"Though the film follows a loose chronological order, each of these segments also delves into topics such as the controversy surrounding collateral damage, the efficacy of torture, and the morality of targeted assassination. These personal confessions and reflections are among the most powerful moments of the film. Especially noteworthy is Avraham Shalom’s statement that, “On the other hand it's a brutal occupation force, similar to the Germans in World War II. Similar, not identical,” and Yaakov Peri’s statement that, “These moments end up etched deep inside you, and when you retire, you become a bit of a leftist.”"

"The events described in the film are illustrated with archival footage and computer-generated imagery that brings historic photographs to life. An example of this is the computer-generated reenactment of the 300 bus incident, based on photographs and eyewitness accounts. The film's computer animations were created by the French company Mac Guff."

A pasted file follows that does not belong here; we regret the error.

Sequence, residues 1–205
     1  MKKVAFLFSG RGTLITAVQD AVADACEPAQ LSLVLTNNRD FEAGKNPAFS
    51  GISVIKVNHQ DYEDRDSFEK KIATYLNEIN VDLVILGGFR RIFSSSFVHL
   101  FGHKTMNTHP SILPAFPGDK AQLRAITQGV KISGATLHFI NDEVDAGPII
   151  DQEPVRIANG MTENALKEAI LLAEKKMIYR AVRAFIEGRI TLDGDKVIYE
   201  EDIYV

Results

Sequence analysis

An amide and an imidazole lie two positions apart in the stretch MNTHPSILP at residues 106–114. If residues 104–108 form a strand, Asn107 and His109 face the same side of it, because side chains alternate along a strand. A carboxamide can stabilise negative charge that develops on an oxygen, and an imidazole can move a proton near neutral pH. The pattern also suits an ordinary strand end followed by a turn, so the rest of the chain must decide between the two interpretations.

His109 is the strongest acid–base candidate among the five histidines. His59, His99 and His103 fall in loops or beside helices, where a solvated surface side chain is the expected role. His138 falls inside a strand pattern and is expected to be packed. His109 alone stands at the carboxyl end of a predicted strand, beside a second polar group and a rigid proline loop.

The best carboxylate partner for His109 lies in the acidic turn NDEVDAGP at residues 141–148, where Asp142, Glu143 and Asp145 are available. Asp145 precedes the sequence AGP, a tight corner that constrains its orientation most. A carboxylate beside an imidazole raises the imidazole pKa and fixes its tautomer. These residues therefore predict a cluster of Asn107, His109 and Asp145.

Political and historical documentary film making of the highest order. The Gatekeepers not only presents a compelling view of already existing information, but it is in itself a powerful new fact - that all the six directors of Shin Bet share the basic view, deeply committed to the Oslo Accords, deeply concerned about the current politics of the Israeli government. The final discussion is based on Clausewitz, about true victory as a better political reality. If the policy of the Oslo Accords is not pursued, "we lose the war".

The Gatekeepers is more thrilling than most thrillers. Chronologically, the main story starts during the 1982 Lebanon War when Shin Bet acquired new prominence with its effective methods. The Gatekeepers is also a history of the Palestinian situation until the present. There is a feeling of honesty in the account. I kept being amazed by the revelations, small and great. Among the general observations: "intelligence agencies fail to foresee major events".

The Gatekeepers is also an account of Jewish extremist terrorism (the assassination of Yitzhak Rabin, the plan to destroy the Dome of the Rock).

In the conclusion, there is no old man at the door. Peace can't be made by military means. There is no alternative to talking. "We do not want a Shin Bet state." "When you see a family suffering, it gets etched deep inside." "We do not want to make the lives of millions unbearable." "We have become cruel to ourselves, as well."

The visualizations of Shin Bet premises and vaults are not documentary records of real facilities, and the "surveillance imagery" is computer generated animation made for the movie.

Visual quality: fine 2K digital for the interviews, compilation quality for the rest.